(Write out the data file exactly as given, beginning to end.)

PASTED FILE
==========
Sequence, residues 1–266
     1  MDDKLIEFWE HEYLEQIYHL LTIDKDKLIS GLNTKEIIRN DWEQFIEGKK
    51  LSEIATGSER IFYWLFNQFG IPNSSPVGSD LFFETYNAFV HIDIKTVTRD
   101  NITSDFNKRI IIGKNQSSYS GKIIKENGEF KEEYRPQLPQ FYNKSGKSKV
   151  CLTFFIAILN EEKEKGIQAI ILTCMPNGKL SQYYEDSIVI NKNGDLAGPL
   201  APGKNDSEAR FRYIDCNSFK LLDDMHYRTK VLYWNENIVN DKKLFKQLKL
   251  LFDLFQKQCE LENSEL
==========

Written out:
Sequence, residues 1–266
     1  MDDKLIEFWE HEYLEQIYHL LTIDKDKLIS GLNTKEIIRN DWEQFIEGKK
    51  LSEIATGSER IFYWLFNQFG IPNSSPVGSD LFFETYNAFV HIDIKTVTRD
   101  NITSDFNKRI IIGKNQSSYS GKIIKENGEF KEEYRPQLPQ FYNKSGKSKV
   151  CLTFFIAILN EEKEKGIQAI ILTCMPNGKL SQYYEDSIVI NKNGDLAGPL
   201  APGKNDSEAR FRYIDCNSFK LLDDMHYRTK VLYWNENIVN DKKLFKQLKL
   251  LFDLFQKQCE LENSEL